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Web Letters | The Nation

Web Letter

Again, thanks to Ms. Klein for her courage. I wonder if she could do an exposé on oil-futures traders and why the bill didn't pass in Congress--I think it was S.3280? Why did they block cloture? Can we trace the oil that is being pumped for $13.60 a barrel and selling at $140? What is intercontinental exchange (ICE), and why isn't it being regulated? Why did we export Alaskan oil? Are the greens and T. Boone Pickens complicit in the oil trade prices? Is oil being stored offshore in shipping while prices surge to $200 per barrel? Is there any reason oil shouldn't be nationalized, since it isn't subject to competition? How much oil is burned in corporate jets per year? How much oil does the military use? Do they waste any unnecessarily? Are the poor bearing most of the so-called corporate and sycophantic green marriage?

James Pinette

Caribou, ME

Jul 28 2008 - 11:58am

Web Letter

An excellent article that exposes, once again, the dark side of globalization and the Bush Administration's politics of fear. "Do what we want, or disaster will be the result." It's another playing of the old story of Rome burning while Nero played his fiddle. "Let us run things, and everything will be fine"--for our bottom line. If the American people continue to fall for this, we're not very smart. Another confirmation of P. T. Barnum's opinion that a fool is born every minute, and is soon parted from his money.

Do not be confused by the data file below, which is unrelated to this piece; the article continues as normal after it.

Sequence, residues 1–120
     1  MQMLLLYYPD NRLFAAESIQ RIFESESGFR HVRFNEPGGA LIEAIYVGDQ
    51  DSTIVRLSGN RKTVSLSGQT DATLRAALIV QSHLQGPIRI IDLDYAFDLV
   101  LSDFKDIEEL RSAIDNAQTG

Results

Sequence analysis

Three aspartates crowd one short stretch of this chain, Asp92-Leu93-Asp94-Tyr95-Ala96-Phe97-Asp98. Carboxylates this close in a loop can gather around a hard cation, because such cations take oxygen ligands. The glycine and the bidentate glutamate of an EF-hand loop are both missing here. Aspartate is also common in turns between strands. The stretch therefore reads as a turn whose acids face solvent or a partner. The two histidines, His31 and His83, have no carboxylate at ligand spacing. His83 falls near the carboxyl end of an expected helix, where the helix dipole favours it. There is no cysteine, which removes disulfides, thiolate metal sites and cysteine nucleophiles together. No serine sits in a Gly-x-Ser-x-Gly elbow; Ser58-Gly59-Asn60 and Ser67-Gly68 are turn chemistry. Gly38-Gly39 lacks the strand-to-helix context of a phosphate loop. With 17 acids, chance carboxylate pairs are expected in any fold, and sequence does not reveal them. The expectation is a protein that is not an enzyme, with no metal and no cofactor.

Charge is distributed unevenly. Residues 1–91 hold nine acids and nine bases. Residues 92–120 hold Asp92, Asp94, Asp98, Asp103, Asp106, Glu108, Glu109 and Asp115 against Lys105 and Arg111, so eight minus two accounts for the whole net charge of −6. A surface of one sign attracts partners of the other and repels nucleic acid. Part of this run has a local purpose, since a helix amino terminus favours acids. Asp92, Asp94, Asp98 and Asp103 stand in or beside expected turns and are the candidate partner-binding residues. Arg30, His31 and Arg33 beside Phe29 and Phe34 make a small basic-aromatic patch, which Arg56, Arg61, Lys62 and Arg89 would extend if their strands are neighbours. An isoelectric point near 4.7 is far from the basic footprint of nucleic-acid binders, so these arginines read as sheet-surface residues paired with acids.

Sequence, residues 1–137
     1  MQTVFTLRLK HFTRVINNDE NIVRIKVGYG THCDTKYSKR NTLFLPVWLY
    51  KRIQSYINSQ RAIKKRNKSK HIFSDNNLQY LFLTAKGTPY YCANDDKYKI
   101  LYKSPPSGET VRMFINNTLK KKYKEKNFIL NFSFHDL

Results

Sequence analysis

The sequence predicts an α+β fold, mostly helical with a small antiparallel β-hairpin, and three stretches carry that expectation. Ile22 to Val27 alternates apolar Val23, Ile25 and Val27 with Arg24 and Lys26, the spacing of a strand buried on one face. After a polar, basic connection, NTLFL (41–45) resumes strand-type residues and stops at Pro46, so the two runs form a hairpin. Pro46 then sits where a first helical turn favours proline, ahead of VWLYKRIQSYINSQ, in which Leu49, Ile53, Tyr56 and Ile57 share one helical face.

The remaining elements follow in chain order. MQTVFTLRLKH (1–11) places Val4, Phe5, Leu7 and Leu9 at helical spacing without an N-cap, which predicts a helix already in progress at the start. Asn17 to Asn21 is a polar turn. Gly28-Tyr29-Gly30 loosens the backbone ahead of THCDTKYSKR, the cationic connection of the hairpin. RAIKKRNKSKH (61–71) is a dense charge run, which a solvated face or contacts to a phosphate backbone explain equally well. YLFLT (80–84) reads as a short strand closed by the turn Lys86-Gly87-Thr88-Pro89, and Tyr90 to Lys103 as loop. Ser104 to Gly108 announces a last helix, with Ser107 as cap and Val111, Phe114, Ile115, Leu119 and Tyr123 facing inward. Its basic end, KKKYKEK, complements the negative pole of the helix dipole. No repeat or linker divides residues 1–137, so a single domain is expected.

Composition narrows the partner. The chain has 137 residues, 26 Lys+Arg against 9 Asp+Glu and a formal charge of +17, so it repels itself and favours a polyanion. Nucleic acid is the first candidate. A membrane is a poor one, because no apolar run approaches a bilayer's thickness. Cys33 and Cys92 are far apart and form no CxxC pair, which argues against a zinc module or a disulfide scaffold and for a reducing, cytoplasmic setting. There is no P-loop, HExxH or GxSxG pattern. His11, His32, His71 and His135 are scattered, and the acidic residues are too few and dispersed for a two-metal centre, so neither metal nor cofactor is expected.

George Polley

Sapporo, Japan

Jul 16 2008 - 9:46pm

Web Letter

Well, in my opinion Naomi Klein is a brilliant poltical journalist. All the letters regarding this article have brought salient points, both pro and con.

As for me the last nine lines of "We broke it,we bought it" say it all. We invaded Iraq, we should pay for its rebuilding. Instead, we are intent on inflicting one more humiliation on the Iraqi people by submerging them into poverty for the next 20 or 30 years.

This kind of PR will affirm to the world that America's middle name is "hypocrisy."

Joel P. Ritz

North Hollywood, CA

Jul 16 2008 - 2:46pm

Web Letter